ASHINGTON — Lindsey Graham, the chairman of the Senate Judiciary Committee, is publicly urging federal judges in their mid-60s or older to step aside so President Trump and Senate Republicans can fill the vacancies with conservative jurists.

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Chairman Lindsey Graham, R-S.C., shown during a Senate Judiciary Committee hearing this month, is asking older judges to step aside so the Republican-controlled Senate can replace them before the election. Caroline Brehman/Associated Press

Graham’s comments, in an interview Thursday with conservative radio host Hugh Hewitt, come as Republicans fret they may lose the Senate majority in the November elections amid the economic shutdown resulting from the coronavirus and Trump’s stumbles in addressing the crisis.

Democrats have increasing hopes of gaining the minimum three seats they’ll need to capture a Senate majority, while Republicans who once banked on a robust economy and rising Trump approval ratings are showing signs of nervousness.

“This is an historic opportunity,” Graham said. “We’ve put (nearly) 200 federal judges on the bench. … If you can get four more years, I mean, it would change the judiciary for several generations. So if you’re a circuit judge in your mid-60s, late 60s, you can take senior status. Now would be a good time to do that, if you want to make sure the judiciary is right of center.”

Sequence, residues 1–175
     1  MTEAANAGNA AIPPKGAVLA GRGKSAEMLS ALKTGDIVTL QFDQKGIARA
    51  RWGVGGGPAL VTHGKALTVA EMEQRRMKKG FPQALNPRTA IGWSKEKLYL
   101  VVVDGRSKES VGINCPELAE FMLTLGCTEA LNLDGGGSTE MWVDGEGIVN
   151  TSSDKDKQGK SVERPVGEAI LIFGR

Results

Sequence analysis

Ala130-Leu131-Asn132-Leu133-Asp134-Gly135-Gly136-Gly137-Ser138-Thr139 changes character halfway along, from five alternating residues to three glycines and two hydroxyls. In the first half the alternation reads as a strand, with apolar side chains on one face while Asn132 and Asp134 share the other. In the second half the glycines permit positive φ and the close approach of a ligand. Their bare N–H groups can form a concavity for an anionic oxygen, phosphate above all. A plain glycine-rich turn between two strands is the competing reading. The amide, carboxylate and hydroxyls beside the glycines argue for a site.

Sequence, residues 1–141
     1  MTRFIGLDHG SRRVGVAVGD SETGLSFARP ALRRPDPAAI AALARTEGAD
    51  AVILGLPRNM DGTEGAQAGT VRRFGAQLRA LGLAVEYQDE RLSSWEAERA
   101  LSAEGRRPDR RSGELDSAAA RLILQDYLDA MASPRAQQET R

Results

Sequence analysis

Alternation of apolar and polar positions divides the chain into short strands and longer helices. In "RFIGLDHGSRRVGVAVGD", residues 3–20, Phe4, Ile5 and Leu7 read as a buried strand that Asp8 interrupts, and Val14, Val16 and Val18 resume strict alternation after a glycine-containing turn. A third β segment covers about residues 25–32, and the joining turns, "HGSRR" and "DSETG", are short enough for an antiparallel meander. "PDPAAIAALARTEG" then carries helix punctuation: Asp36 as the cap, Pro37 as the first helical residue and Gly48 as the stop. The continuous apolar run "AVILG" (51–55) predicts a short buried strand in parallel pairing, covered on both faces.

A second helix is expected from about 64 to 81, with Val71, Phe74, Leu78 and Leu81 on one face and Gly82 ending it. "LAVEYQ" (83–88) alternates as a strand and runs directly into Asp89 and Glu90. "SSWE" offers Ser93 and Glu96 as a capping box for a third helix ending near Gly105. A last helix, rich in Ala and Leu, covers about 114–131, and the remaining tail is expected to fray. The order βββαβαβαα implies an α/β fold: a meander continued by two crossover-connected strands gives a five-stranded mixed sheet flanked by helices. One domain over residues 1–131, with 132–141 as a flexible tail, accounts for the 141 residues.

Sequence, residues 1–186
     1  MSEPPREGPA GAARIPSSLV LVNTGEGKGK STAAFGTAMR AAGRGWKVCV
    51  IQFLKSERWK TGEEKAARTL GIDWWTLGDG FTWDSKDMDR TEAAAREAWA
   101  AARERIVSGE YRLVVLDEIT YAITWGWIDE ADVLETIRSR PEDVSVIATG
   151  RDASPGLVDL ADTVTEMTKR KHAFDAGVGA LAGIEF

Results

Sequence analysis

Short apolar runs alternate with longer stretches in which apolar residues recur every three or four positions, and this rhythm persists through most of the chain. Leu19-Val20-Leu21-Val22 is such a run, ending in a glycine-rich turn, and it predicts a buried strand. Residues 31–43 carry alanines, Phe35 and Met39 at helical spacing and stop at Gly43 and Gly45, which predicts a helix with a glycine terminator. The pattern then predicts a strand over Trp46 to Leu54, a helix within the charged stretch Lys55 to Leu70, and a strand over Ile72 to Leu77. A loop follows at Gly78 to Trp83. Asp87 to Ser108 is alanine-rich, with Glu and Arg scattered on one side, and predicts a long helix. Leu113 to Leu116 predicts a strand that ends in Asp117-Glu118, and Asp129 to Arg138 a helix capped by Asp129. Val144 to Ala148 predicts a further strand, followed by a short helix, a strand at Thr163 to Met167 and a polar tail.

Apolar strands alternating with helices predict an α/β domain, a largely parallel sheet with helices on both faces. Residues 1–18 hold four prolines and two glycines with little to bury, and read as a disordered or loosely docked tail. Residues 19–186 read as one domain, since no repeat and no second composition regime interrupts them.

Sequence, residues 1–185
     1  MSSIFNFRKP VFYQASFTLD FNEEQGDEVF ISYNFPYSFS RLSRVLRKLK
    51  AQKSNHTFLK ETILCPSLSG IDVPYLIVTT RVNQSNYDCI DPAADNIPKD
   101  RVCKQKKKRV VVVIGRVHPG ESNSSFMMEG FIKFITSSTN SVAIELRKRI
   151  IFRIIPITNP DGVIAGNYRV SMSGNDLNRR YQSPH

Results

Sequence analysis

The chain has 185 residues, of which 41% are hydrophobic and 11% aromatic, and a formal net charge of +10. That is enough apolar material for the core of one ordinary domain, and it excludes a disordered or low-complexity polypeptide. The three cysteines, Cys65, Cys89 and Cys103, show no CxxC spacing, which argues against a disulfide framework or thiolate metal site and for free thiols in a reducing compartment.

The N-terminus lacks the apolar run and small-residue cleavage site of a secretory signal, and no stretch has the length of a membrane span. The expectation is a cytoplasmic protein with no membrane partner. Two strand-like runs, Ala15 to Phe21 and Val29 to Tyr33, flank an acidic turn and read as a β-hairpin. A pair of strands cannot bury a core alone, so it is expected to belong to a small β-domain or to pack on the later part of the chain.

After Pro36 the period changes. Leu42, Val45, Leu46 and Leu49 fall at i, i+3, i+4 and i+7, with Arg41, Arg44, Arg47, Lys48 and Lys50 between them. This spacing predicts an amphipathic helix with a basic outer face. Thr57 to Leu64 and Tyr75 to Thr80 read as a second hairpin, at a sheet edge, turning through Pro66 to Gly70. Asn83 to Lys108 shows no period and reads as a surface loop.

Graham’s committee is set to vote next week on Judge Justin Walker, a 37-year-old protege of Senate Majority Leader Mitch McConnell who has been nominated to the nation’s second-most powerful court. If confirmed, Walker would take an appeals court seat being vacated by Judge Thomas Griffith, who intends to retire in September. The Judiciary Committee also is considering 49-year-old Cory Wilson, a Mississippi judge who has been nominated to a seat on the New Orleans-based 5th U.S. Circuit Court of Appeals.

Asked by Hewitt if he can assure veteran judges that their successor “will indeed be confirmed before the election,” Graham said, “Well, if you wait, you know, (until) November the 1st, no. So do it now.”

Hewitt replied: “Do it now. Loud and clear.”

The interview with Graham was not the first time the issue of Republicans seeking judicial retirements has been raised publicly. Earlier this month, Chief Justice John Roberts turned down a request from the chief judge of the U.S. Court of Appeals for the District of Columbia Circuit to allow an ethics inquiry into the circumstances surrounding Griffith’s retirement.

A legal adviser to Roberts said the request from Judge Sri Srinivasan, the circuit’s chief judge, did not meet the standards for transferring the inquiry to another judicial circuit to pursue.

Demand Justice, a progressive advocacy group, filed a complaint in March asking the appeals court to determine whether McConnell or any other lawmaker had inappropriately played a role in Griffith’s decision to retire. The vacancy creates an election-year slot on the influential appeals court, where four of the nine current Supreme Court justices served, including Roberts and Brett Kavanaugh.

Griffith issued a statement earlier this month saying no political pressure was put on him to leave the bench.


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